Don’t get ill at weekends

I’m sorry it’s been a while since my last post but I’ve been rather busy with our new baby boy, Amos. One thing that became apparent during the birth was that hospitals really aren’t geared up to work evenings or weekends.

A friend and co-author, Professor Simon Jones, has recently done some work on this with Dr Foster, the publishers of the annual hospital guide. Their research found that patients who are admitted at the weekend are more likely to die than those admitted during the week. They suggest the causes of this variation in death rates include staffing (fewer senior doctors are available at weekends) and problems accessing hospital services such as diagnostics.

This chimes with some other research we did looking at the rates of cancelled procedures. Among other factors, elective procedures are more likely to be cancelled on Mondays. Our working hypothesis is that this is because patients admitted over the weekend are still occupying beds on Monday because there aren’t enough senior doctors around to properly treat and discharge patients, or that patients can’t access the necessary services to be diagnosed or treated over the weekend.

This also echoes my own recent experience. Amos was born at 2:30am but because he had a fast heart rate (tachycardia) and a slightly elevated temperature the doctors were concerned that he may have an infection. Their solution was to begin treatment with IV antibiotics and to send a blood culture to the lab to test. If nothing has grown after 48-hours they stop the treatment and send you home, but if something is found they complete the course of antibiotics and, where necessary, switch to a more specific antibiotic.

The problem was that the lab is closed over the weekend. Therefore the earliest the sample could be plated was Monday morning, but obviously there’s a backlog of samples sent over the weekend. A 48-hour wait therefore becomes a 4-day plus wait depending upon the backlog.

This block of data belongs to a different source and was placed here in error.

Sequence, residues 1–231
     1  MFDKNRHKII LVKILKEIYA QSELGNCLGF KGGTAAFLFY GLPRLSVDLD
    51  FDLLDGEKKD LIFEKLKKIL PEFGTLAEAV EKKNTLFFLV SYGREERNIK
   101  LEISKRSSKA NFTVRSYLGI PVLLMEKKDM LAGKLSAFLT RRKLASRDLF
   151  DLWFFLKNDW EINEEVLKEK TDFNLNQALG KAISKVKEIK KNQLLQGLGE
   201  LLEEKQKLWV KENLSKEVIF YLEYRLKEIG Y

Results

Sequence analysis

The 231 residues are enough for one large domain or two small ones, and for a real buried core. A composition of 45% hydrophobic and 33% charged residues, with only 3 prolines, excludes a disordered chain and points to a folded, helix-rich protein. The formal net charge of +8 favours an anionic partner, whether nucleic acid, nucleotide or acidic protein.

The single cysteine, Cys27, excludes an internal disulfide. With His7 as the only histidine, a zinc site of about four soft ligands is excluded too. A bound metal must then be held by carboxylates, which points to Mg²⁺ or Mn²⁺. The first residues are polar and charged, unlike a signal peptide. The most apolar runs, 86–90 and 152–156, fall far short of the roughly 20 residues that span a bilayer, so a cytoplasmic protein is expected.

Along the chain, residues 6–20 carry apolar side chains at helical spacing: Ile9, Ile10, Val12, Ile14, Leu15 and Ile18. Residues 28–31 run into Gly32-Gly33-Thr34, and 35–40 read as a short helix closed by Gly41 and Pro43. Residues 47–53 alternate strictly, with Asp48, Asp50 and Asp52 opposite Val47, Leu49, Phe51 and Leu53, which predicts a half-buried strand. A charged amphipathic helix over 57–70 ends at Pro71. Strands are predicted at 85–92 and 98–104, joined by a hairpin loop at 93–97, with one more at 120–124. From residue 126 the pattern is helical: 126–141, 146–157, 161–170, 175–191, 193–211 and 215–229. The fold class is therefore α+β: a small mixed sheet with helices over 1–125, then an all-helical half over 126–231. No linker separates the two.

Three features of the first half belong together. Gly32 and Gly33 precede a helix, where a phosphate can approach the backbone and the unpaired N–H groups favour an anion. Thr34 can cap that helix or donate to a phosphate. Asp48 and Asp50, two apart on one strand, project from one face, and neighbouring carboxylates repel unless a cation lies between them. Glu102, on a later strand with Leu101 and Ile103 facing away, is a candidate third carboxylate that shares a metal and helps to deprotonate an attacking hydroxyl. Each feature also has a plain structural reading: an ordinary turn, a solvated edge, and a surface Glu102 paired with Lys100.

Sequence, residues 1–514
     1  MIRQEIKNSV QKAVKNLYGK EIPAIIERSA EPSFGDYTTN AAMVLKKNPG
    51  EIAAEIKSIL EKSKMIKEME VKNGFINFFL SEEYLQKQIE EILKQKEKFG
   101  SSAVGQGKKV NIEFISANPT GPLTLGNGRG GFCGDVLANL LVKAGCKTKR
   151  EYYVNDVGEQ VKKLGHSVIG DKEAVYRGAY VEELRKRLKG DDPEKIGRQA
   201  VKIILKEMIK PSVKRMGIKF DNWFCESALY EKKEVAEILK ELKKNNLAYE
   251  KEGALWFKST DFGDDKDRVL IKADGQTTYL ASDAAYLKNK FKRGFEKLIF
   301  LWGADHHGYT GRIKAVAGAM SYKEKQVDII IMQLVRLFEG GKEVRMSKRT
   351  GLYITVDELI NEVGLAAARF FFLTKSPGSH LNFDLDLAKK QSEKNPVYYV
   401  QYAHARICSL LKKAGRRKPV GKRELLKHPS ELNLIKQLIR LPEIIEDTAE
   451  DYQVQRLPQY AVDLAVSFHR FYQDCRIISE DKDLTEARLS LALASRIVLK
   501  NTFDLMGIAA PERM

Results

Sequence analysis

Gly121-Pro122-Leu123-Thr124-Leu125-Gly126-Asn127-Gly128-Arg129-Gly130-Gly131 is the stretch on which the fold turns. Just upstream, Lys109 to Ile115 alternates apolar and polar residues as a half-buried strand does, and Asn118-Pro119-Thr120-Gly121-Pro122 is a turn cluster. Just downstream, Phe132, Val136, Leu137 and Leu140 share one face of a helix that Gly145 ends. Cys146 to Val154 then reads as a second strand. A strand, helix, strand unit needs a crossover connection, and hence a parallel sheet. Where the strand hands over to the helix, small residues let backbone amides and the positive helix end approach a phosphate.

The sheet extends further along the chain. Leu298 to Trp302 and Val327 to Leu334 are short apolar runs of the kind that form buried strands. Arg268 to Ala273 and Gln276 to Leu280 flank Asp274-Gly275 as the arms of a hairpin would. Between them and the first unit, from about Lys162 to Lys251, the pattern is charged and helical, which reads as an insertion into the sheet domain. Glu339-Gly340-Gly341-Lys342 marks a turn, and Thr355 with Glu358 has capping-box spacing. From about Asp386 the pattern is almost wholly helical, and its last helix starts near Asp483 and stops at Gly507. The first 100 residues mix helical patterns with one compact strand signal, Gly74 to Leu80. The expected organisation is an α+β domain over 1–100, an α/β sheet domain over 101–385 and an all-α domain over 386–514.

Why does this matter? Well patients can only be discharged from the post-natal ward after a negative test result, and a patient occupying a bed potentially prevents a patient from being brought down from a delivery room, which in turn prevents a patient being admitted to that delivery room. This can quickly escalate to a situation where the labour ward needs to be temporarily closed and patients turned away.

Borrowing from the theory of constraints, the laboratory is a bottleneck in the supply chain of healthcare, and a chain is only as strong as its weakest link. Throughput, the number of patients treated or the number of deliveries performed, could be increased by tackling this constraint.

Oftentimes, constraints cannot be removed and the production system must be redesigned around it. However, in this case it seems fairly easy to fix. Keep the laboratory open 24-7, 365 days just like the wards but with fewer evening, overnight and weekend staff to match the demand for laboratory tests.

In our case, the wait was even longer as the porter allegedly “misplaced” our sample. Thankfully, the result was negative but in the meantime we were all worried and Mrs C was kept prisoner in the hospital.

It’s all rather worrying. People get ill 24-7, 365 days a year and accident and emergency departments are used to that. Perhaps the rest of the health service needs to adapt to this as well.  For the moment the message is – don’t get ill at weekends.

 

 

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